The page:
Access2OER:Classification

From Bjoern Hassler's website
Jump to: navigation, search

The original OERWIKI seems to be offline (December 2012). The Access2OER discussion pages are preserved here for reference! The final report in pdf is available here: Access2OER_Report,


The report:
Contents
Introduction
Introduction to the report
Part 1 - Issues
What is access?
Issues and classification
SuperOER
Part 2 - Solutions
Solutions
Solutions criteria
Stories and solutions
Case studies
Part 3 - Proposals
Proposals
Conclusion
Conclusion and next steps
Appendix
Links
Blogs
Additional sections:
Introduction
Welcome
Invitation
Solutions
Stories 1
Stories 2
Stories 3
Case studies v1
Access initiatives v1
Proposals
OER Training proposal
Open Educational Resource Centres
OER exchange infrastructure
OER exchange infrastructure diagrams
Additional materials
Access2OER:Additional Considerations
HowTos
Index
Wiki only
Contents
Welcome
Invitation
Some technical notes
Discussion Log and Quotes:
Contents
Contents
Discussion Week 1
Issues
Classification
Comments on SuperOER
Overview of week 1 activities
Discussion Week 2
Discussion related to solutions put forward
Snippets from the general discussion
Overview of week 2 activities
Discussion Week 3
general discussion
OER training discussion
resource centre discussion
oer exchange discussion
stories discussion
All discussion on one page.
Additional pages
OER
Glossary
For authors:

[Edit][Edit][Edit]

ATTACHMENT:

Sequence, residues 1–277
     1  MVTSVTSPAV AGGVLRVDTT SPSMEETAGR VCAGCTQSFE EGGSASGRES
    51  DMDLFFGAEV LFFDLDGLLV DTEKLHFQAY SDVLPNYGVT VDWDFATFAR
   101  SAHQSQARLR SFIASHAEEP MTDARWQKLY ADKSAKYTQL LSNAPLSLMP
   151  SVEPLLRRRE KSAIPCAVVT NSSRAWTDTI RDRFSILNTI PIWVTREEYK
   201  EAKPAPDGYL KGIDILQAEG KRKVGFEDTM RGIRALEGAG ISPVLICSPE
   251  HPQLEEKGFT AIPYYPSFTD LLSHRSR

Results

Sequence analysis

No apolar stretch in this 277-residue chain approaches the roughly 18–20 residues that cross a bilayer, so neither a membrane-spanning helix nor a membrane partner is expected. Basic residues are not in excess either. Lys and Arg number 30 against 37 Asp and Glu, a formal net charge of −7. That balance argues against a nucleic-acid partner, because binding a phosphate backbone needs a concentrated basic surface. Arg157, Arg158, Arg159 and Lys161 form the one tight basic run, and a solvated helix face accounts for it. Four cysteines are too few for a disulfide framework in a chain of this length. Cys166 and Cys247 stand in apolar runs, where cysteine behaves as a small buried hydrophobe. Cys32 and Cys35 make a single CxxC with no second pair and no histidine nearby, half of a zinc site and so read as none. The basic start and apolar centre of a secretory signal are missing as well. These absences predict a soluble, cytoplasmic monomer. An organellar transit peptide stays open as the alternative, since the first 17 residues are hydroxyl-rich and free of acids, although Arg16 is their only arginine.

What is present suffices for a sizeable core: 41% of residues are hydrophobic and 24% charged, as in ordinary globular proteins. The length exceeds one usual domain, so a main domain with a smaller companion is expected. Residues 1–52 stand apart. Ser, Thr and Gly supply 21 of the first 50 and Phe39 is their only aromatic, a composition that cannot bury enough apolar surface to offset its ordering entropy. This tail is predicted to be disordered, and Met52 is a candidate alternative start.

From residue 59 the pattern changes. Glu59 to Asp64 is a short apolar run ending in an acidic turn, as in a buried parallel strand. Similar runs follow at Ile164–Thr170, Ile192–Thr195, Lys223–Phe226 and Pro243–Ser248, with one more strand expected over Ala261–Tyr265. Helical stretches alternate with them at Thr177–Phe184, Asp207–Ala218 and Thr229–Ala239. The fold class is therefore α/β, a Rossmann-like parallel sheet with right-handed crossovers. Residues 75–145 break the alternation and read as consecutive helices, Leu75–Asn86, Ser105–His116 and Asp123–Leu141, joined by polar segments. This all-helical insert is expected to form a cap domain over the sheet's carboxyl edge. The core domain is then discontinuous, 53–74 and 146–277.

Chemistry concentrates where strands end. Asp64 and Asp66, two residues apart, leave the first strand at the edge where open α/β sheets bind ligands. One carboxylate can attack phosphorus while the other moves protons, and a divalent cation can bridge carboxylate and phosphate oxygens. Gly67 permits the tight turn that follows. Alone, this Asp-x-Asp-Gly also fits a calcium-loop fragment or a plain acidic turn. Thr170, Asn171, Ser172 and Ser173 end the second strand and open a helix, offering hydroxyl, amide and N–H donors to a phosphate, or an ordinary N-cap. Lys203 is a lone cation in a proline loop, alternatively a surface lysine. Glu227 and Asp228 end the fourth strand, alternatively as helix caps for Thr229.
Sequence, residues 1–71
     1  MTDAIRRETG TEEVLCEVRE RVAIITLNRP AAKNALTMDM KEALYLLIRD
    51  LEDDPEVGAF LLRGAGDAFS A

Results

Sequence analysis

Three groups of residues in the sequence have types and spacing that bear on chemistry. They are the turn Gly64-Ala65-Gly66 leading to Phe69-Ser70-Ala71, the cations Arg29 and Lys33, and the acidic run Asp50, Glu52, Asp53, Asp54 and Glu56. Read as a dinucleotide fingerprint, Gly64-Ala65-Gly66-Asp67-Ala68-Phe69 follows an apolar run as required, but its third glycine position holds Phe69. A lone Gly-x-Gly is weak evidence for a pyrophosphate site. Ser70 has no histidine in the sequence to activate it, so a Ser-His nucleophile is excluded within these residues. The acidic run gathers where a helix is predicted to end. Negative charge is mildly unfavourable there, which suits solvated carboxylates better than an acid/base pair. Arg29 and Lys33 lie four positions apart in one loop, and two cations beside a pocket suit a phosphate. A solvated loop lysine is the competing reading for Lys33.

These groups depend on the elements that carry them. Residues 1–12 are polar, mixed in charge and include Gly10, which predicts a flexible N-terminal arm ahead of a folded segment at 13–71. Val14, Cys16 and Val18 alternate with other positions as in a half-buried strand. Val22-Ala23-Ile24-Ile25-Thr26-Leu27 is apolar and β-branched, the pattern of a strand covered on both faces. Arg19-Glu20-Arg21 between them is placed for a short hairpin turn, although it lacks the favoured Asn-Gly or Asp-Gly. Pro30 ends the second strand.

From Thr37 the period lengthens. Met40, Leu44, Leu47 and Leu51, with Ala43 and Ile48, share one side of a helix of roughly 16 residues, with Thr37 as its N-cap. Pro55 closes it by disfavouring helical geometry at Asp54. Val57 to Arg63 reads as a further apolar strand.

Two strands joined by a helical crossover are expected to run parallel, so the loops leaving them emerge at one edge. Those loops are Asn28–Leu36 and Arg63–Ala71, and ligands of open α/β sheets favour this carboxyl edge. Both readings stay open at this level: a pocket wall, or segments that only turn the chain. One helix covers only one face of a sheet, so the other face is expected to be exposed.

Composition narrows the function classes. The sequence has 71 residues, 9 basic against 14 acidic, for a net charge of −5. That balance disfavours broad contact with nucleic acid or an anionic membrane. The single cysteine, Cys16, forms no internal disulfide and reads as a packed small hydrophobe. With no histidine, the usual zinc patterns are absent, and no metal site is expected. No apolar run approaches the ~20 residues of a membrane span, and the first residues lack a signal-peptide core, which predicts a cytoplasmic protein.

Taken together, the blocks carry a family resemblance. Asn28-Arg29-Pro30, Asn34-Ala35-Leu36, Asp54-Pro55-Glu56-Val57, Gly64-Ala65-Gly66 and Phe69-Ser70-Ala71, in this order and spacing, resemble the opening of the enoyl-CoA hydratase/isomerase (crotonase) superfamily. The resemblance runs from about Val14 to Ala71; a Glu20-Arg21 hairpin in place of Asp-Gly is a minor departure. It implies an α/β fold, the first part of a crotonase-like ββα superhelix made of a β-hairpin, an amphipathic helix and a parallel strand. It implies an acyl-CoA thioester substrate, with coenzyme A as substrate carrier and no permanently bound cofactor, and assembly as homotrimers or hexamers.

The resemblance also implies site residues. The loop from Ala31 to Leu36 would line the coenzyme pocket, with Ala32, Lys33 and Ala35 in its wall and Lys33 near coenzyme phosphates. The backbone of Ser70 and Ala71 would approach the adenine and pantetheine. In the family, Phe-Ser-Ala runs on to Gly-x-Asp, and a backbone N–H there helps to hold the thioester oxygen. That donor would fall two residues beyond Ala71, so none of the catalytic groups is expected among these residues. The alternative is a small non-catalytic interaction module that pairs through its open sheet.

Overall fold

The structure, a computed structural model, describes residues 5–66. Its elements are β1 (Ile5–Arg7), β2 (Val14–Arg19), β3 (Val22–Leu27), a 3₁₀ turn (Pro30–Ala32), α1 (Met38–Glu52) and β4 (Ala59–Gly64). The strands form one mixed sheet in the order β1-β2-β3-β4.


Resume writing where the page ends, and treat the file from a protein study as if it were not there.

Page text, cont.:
Template:
[Edit]

[Edit]

1 Purpose of classification

Quote image The first step in any classification process is to identify and understand the purpose of the classification. What is the purpose in this case? Are there multiple purposes calling for multiple classifications? (we need to be explicit). K 22:35, 12 February 2009 (CET)

1.1 Classifying Access Issues and Classifying OER

Quote image I sometimes get the impression that participants are thinking of "OER" as on-line university courses. The definitions are generally much broader (e.g. Wikipedia) spanning individual images, text sections, video clips, modules, courses, entire curricula, FLOSS for education, etc. When classifying access issues, some issues may be less applicable to certain types of OER.

So, it might be useful to classify OER and issues associated with each kind of OER. Again, clarify the purpose.

Any ideas of what the purpose(s) might be? K 22:35, 12 February 2009 (CET)

  • To help identify which access to OER issues this OER community can address and which should be left to others
  • To help decide which issues to address in what order wrt importance and feasibility of solution(s)
  • To gain a broad understanding of the issues/barriers at various levels
  • To design multi-tiered strategic approaches to addressing the issues/ overcoming barriers
  • To help identify which issues/barriers apply in what contexts/scenarios

2 Social vs. technical